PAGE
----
NEW PORT RICHEY — A paralyzed woman confronted a knife-carrying man who was belligerently yelling at Christian demonstrators outside a Wells Fargo, leading to the man’s arrest, the Pasco County Sheriff’s Office said.
Witnesses told the sheriff’s office that a group of demonstrators from King James Version Baptist Church in New Port Richey were holding signs outside the Wells Fargo at State Road 54 and Madison Street around 8 p.m., Aug. 1, a sheriff’s report said.
“They were just there on the sidewalk, holding signs that said: ‘Repent For Your Sins’ and ‘Jesus Is Coming,’ ” said Lisa DeBeaumont, who wanted to use the bank’s ATM that evening.
“A lot of these were senior citizens, elderly people in their 70s and 80s,” she said.
When she pulled into the bank, DeBeaumont, 48, said she saw 6-foot-4, 230-pound Jonathon Kendrick, 23, aggressively berating an older man.
“He had that man backed up against the curb, where he could almost fall into the traffic” on S.R. 54, she said.
DeBeaumont, whose arm is paralyzed from a 2000 motorcycle crash, said that when she hollered for Kendrick to leave demonstrators alone, he turned his attention on her.
She said he got more upset when he noticed her giving his license plate information to law enforcement over the phone.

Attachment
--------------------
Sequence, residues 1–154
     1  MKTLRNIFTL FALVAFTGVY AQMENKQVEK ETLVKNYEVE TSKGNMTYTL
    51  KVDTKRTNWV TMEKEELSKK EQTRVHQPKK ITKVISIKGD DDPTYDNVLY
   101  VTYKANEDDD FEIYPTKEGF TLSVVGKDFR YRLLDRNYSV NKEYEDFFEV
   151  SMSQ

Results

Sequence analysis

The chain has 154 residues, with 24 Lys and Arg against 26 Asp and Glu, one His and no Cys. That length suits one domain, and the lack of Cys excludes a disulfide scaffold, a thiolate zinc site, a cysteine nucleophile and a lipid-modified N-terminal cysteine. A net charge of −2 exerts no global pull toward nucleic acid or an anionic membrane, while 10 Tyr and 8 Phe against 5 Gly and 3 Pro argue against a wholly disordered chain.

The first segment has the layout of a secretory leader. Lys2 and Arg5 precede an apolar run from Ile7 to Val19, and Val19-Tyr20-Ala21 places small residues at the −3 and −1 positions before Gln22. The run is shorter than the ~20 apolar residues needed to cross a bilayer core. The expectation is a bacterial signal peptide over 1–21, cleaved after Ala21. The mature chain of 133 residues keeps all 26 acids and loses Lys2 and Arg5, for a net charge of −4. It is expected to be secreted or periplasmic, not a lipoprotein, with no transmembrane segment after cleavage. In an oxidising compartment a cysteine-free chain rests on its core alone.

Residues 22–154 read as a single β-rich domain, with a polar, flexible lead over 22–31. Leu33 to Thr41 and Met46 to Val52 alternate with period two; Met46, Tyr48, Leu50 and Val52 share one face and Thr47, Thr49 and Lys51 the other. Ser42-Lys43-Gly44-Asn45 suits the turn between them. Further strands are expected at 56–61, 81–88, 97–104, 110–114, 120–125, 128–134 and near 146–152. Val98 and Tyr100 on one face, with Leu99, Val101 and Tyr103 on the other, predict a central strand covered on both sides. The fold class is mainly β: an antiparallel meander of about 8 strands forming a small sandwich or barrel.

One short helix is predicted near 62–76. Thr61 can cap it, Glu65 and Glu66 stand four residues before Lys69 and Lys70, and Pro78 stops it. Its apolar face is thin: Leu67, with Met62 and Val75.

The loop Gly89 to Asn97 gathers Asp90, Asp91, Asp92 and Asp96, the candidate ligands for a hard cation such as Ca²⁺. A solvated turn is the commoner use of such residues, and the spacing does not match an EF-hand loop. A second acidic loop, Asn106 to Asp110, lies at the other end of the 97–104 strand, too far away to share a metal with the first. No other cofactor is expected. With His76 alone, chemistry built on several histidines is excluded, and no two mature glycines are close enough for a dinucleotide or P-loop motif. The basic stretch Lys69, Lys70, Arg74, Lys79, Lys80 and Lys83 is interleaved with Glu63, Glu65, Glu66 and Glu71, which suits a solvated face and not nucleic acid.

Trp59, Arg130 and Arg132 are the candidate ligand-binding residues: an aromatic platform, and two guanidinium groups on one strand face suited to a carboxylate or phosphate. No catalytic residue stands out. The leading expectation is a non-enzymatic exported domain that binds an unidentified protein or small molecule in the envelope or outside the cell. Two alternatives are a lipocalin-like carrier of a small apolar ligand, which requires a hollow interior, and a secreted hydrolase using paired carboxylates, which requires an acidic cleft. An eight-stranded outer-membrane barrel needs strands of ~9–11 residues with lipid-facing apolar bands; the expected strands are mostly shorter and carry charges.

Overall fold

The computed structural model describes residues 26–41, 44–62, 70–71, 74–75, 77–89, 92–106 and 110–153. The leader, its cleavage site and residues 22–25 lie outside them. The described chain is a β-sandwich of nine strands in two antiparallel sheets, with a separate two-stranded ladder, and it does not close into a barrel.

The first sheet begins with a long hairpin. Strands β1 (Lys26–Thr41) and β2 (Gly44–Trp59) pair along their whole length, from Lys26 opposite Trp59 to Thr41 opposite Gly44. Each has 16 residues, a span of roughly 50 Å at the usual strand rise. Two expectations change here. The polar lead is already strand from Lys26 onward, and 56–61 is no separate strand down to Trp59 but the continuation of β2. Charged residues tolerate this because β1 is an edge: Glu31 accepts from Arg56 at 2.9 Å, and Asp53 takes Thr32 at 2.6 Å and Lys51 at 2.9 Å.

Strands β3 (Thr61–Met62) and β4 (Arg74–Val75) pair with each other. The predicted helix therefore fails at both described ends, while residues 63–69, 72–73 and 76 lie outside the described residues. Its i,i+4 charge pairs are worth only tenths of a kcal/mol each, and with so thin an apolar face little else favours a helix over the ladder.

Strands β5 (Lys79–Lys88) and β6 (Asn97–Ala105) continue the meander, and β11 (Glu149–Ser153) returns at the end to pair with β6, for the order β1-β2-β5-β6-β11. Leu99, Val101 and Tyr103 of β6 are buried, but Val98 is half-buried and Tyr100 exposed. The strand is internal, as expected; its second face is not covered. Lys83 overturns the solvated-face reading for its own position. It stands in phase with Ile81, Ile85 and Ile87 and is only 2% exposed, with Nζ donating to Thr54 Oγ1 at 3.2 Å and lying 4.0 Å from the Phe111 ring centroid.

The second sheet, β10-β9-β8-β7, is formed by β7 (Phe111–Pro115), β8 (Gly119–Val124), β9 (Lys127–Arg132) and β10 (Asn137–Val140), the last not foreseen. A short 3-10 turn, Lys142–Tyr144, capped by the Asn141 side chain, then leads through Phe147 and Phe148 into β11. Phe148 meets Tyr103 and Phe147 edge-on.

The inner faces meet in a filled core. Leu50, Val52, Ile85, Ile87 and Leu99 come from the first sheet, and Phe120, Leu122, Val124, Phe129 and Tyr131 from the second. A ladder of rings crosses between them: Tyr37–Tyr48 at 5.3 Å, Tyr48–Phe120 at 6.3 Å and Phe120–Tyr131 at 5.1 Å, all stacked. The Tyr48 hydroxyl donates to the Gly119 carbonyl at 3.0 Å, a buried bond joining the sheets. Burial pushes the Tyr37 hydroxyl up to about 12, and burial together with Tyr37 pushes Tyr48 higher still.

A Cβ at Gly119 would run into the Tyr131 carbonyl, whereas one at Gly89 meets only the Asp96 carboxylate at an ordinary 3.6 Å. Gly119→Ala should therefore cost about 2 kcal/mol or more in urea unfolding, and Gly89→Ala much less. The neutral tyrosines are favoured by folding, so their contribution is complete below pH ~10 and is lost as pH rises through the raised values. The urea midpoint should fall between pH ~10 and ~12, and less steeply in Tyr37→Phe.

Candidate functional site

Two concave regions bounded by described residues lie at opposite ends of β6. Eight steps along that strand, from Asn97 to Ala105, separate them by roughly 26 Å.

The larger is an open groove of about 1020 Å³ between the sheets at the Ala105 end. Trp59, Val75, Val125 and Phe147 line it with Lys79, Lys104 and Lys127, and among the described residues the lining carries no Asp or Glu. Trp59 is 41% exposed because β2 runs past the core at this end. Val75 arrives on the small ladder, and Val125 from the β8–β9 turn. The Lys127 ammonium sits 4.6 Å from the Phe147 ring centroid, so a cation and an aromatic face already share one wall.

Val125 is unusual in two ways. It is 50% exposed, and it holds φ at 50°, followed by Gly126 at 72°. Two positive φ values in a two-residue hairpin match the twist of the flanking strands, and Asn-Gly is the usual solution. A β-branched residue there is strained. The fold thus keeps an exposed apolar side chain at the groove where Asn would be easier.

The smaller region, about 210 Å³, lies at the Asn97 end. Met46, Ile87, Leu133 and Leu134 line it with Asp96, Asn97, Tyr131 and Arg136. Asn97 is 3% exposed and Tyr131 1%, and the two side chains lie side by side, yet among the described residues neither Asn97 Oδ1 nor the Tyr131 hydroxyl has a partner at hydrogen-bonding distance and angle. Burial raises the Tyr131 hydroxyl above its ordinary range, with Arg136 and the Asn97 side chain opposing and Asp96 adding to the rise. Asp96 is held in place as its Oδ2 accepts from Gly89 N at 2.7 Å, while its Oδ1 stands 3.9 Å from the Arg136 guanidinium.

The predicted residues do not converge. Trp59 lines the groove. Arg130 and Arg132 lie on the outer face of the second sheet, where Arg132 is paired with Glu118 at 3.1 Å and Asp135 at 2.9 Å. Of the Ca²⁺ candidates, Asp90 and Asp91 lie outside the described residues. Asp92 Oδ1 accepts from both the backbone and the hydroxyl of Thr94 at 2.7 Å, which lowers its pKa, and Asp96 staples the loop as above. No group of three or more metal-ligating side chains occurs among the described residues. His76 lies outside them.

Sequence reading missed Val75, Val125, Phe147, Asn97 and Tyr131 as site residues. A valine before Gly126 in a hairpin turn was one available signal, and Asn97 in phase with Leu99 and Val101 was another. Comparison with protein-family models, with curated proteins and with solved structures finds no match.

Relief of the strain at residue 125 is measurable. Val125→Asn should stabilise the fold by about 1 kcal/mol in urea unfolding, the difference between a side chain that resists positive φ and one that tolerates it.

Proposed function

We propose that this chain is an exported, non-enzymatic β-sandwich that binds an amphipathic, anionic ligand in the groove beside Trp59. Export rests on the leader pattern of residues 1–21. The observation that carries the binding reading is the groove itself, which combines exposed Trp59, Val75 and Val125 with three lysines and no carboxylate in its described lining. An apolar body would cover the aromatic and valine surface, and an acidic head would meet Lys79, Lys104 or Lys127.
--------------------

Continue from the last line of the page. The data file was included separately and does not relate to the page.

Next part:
When Kendrick threatened her with a six-inch pocket knife, she told him she had a gun, said DeBeaumont, who was bluffing.
“I didn’t know what else to do,” she said. “I just said I was going to shoot, or whatever I could think of. He walked around in a circle, threw his hands up and got in his car.”
Kendrick, of 4124 Las Vegas Drive, was arrested Friday and charged with aggravated assault, the sheriff’s office said. Kendrick’s address is near the bank, but the vehicle in which he fled was a rental car with Virginia plates, the sheriff’s office said.
Kendrick was released from the Land O’ Lakes Jail on Sunday after posting $1,000 bail, records show.
Sheriff’s spokesman Eddie Daniels said such situations are unique. He said the sheriff’s office “encourages everybody to do what’s safest and call for help.”
“He was aggressively nose-to-nose with them. That’s why I got involved,” DeBeaumont said. “That was my main concern. They didn’t do anything wrong. Some of these people were old enough to be his great-grandparents.”